I ran 20 miles the day before my first marathon. At 17, I didn’t know any better. Whether by choice or chance I had no running mentor, no athletic background, and this was long before the internet. I intuited (correctly) that the best method to prepare for a marathon was to work slowly towards a 26.2-mile run but implemented it (incorrectly) by increasing my daily run by 1 mile and running 19, 20, and 21, miles each day until the morning before the event. I entered the marathon…fatigued.

I’m reminded of this experience each time I load my Garmin Connect app, which uses the unfortunate slogan, beat yesterday. I disapprove of this message. It’s the antithesis of the 80/20 training philosophy. I’m sure Garmin would confirm that this mantra is obviously marketing, not meant to be taken seriously. It’s an ideal, a motive, a state of mind. My rebuttal is when someone in authority uses what they later claim to be hyperbole, a sizeable number of followers take it at face value with potentially dangerous consequences. I’m confident there are a significant number of beginner athletes using the Garmin Connect app who really do believe that to become a better athlete they need to go longer or harder every single day.

But you, dear reader, are not one of those beginner athletes. You understand that peak fitness is the result of the balance of stress and rest and ignore such temptations. You are a disciplined athlete, not influenced by gamification, cheap marketing slogans, Zwift rivals nor friends on Strava. Right? Right?

But…doesn’t seeing beat yesterday in your primary exercise app sort of gnaw at you? Seed some self-doubt about your course of action? Maybe turn an easy run or two into something more? Because it sometimes haunts me, and I’m as dedicated as it comes to adequate recovery.

Therefore, as a public service I have prepared alternative and responsible slogans for the app. I present these to you, Garmin, royalty-free and without claim. You’re welcome.

Just did it

Sure, some potential trademark issues, nothing we can’t work out with the other guy.

Improve upon your previous season’s performance by executing a best-practice training regimen that includes an optimal distribution of frequency, intensity balance, duration and specificity

Wordy? Maybe, but I’m sure that’s what Garmin actually meant to say.

David Warden is exceptionally handsome

Just throwing stuff on the wall, seeing what sticks. This is the slogan I repeat before every workout.

Buy more of our stuff

Some say we’re living in a post-truth world, but Garmin, you can draw a line in the sand!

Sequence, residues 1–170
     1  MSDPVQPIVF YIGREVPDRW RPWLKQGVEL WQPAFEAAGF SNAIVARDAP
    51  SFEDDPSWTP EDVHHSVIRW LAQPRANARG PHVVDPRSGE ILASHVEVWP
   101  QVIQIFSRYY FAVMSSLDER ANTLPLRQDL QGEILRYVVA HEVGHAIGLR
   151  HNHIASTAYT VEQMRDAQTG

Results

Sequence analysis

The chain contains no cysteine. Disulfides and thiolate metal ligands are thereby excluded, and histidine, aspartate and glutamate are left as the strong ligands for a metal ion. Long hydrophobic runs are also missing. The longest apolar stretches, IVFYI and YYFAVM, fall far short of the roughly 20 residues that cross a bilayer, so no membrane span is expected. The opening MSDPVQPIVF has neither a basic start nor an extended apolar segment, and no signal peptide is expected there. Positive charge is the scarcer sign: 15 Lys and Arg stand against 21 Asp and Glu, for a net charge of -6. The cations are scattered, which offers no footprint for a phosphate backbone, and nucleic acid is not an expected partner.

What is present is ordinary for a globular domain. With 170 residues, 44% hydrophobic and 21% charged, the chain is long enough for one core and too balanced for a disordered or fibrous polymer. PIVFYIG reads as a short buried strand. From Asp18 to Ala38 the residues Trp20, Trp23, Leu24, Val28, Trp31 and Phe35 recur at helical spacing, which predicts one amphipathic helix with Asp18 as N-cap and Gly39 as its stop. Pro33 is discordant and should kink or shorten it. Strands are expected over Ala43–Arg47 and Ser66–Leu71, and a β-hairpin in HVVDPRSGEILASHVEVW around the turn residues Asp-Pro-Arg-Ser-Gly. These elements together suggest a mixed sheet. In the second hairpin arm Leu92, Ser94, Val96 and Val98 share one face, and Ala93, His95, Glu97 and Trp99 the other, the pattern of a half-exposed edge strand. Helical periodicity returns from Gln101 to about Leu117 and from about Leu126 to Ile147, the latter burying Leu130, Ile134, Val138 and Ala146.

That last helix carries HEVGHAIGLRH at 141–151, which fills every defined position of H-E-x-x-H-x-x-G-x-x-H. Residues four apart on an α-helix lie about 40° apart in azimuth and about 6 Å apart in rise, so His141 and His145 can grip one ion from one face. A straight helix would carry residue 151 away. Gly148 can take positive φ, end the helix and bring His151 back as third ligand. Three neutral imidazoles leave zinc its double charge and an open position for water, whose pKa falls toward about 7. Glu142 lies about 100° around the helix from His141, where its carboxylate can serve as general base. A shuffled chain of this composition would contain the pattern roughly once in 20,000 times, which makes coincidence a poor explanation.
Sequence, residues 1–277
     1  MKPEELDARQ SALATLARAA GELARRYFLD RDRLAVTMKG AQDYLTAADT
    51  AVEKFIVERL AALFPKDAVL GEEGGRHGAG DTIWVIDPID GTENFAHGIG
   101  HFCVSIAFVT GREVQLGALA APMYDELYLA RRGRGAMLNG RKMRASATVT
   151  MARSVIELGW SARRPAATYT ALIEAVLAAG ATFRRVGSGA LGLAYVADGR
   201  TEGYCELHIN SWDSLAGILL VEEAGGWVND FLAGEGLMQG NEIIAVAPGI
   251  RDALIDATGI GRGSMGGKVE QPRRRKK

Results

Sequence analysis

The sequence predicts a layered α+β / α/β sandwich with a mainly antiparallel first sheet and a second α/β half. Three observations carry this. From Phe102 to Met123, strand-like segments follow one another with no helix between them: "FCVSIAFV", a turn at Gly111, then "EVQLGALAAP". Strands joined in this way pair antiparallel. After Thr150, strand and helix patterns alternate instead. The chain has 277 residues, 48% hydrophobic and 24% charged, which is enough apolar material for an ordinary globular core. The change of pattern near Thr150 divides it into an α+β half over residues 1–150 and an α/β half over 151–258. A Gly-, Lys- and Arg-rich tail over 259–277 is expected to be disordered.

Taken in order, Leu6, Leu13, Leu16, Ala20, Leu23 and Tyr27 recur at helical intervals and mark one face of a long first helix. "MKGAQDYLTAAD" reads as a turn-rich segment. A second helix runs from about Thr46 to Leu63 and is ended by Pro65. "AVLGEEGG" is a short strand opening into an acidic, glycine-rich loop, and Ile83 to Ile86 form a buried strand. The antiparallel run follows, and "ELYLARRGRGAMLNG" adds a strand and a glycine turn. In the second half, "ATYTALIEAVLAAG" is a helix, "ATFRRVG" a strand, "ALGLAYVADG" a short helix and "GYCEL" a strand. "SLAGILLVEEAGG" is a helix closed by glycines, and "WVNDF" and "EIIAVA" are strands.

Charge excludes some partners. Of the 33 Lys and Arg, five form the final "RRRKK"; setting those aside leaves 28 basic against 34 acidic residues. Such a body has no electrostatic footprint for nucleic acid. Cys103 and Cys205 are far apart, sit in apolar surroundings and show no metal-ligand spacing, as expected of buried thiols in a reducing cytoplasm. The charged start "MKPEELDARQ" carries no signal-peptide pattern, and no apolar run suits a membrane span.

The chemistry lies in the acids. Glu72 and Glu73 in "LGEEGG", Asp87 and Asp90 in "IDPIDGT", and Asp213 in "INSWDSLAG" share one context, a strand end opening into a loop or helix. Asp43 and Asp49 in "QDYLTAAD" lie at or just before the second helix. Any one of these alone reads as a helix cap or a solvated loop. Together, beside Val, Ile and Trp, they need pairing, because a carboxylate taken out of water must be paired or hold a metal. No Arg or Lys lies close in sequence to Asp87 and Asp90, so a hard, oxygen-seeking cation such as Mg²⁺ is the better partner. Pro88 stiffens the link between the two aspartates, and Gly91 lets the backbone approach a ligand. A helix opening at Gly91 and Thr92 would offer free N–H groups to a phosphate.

Get faster

Whoa. I think we have it. Simple, accurate, and unlike the current slogan, possible. I may have to register this slogan myself after all.

The next time you’re tempted to beat yesterday, pause and consider the purpose of the workout at hand. That purpose could include recovery, technique, aerobic base or many other objectives unrelated to record speed or distance. Some days, you really will beat yesterday, and those days will become more frequent during periods of the season. Many of your workouts, however, should be slower than the day before which is exactly how the pros train.

Or, you can choose to beat yesterday and train like an optimistic but inexperienced 17-year old. Personally, I’d rather just Get faster™.

Hi Guys,

I am planning buying 80/20 program (not sure in 1/2 marathon or marathon) but I want to prepare myself for it, as I am out of shape to start it now. On my first run after long break I noticed that pace to HR ratio decreased over the course of 5k, where in the end I had to almost walk to have it in aerobic zone. I have read that such ratio dropping is sign of lack of aerobic base. And my question is while building base do I always keep myself in aerobic space? And secondly is there a benefit to push longer and slowing the pace, or rather stop once HR starts spiking despite constant or even decreasing pace.


BTW: are all 80/20 plans the structured workout version on training peaks? (so I can download automatically on Fenix 5?)


Dear M,

Great question!

In our 80/20 plans, you’ll find that 80% of the workouts are done in Zone 1 and Zone 2. This is the “easy” 80 percent. The other 20 percent is moderate to high intensity. It is possible that at the beginning of your training you will have trouble staying in Zone 1 when Zone 1 is called for. That is OK. As long as you stay in Zone 1 or 2 when the workout calls for Zone 1 or 2, you’ll improve faster. If the workouts calls for Zone 2 but you are tired that day and stay in Zone 1, that is ok. If the workout calls for Zone 1 but your slowest run pace puts you at Zone 2, that is ok. As long as the combination of Zone 1-2 is 80%.

It is of course better to spend the time in Zone 1 and 2 exactly as the plan is prescribed, but you’ll be able to do that after a month of training.

When using HR, I would only walk in between hard intervals. If you are running a long Zone 2 session (and there are many of these) and your HR spikes above Zone 2, don’t walk, just run as slow as you can.

However, this HR problem does not exist if you use Pace or Power are an intensity guide. If your Zone 2 workout calls for a pace of 6 minutes per kilometer, you can your HR. If the plans calls for Zone run of 200 watts, then just hold 200 watts and ignore HR. Our plans support both Pace and Power and translate Zones to pace, power, and HR. In fact, when you purchase our plans, you choose HR, Pace, or Power as your measure of intensity.